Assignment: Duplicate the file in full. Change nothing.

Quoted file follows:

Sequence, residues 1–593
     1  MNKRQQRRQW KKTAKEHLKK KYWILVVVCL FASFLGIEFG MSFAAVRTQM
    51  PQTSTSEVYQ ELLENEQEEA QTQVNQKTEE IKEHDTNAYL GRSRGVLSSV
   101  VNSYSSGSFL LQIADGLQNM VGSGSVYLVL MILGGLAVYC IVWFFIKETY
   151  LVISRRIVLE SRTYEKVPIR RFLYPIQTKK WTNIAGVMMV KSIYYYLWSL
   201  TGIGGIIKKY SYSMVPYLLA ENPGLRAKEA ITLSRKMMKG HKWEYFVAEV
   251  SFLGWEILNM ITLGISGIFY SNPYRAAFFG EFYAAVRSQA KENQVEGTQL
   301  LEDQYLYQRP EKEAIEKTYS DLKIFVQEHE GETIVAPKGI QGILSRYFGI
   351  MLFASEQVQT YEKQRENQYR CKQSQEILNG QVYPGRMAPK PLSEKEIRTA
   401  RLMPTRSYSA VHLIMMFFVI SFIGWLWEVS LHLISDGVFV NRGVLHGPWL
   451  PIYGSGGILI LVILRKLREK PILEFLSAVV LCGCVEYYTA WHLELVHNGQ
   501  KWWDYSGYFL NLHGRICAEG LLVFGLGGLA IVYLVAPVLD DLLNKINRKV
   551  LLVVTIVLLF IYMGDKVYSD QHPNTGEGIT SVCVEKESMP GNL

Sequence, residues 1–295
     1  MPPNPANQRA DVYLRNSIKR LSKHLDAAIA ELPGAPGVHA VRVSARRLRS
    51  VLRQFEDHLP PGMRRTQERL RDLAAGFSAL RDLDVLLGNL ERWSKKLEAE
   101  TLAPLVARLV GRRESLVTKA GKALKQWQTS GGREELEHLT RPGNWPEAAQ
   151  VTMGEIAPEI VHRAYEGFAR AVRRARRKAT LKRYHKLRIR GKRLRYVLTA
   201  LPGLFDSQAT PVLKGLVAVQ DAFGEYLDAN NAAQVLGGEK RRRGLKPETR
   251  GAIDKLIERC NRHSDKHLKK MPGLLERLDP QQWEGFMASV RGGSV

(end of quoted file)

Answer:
Sequence, residues 1–593
     1  MNKRQQRRQW KKTAKEHLKK KYWILVVVCL FASFLGIEFG MSFAAVRTQM
    51  PQTSTSEVYQ ELLENEQEEA QTQVNQKTEE IKEHDTNAYL GRSRGVLSSV
   101  VNSYSSGSFL LQIADGLQNM VGSGSVYLVL MILGGLAVYC IVWFFIKETY
   151  LVISRRIVLE SRTYEKVPIR RFLYPIQTKK WTNIAGVMMV KSIYYYLWSL
   201  TGIGGIIKKY SYSMVPYLLA ENPGLRAKEA ITLSRKMMKG HKWEYFVAEV
   251  SFLGWEILNM ITLGISGIFY SNPYRAAFFG EFYAAVRSQA KENQVEGTQL
   301  LEDQYLYQRP EKEAIEKTYS DLKIFVQEHE GETIVAPKGI QGILSRYFGI
   351  MLFASEQVQT YEKQRENQYR CKQSQEILNG QVYPGRMAPK PLSEKEIRTA
   401  RLMPTRSYSA VHLIMMFFVI SFIGWLWEVS LHLISDGVFV NRGVLHGPWL
   451  PIYGSGGILI LVILRKLREK PILEFLSAVV LCGCVEYYTA WHLELVHNGQ
   501  KWWDYSGYFL NLHGRICAEG LLVFGLGGLA IVYLVAPVLD DLLNKINRKV
   551  LLVVTIVLLF IYMGDKVYSD QHPNTGEGIT SVCVEKESMP GNL

Sequence, residues 1–295
     1  MPPNPANQRA DVYLRNSIKR LSKHLDAAIA ELPGAPGVHA VRVSARRLRS
    51  VLRQFEDHLP PGMRRTQERL RDLAAGFSAL RDLDVLLGNL ERWSKKLEAE
   101  TLAPLVARLV GRRESLVTKA GKALKQWQTS GGREELEHLT RPGNWPEAAQ
   151  VTMGEIAPEI VHRAYEGFAR AVRRARRKAT LKRYHKLRIR GKRLRYVLTA
   201  LPGLFDSQAT PVLKGLVAVQ DAFGEYLDAN NAAQVLGGEK RRRGLKPETR
   251  GAIDKLIERC NRHSDKHLKK MPGLLERLDP QQWEGFMASV RGGSV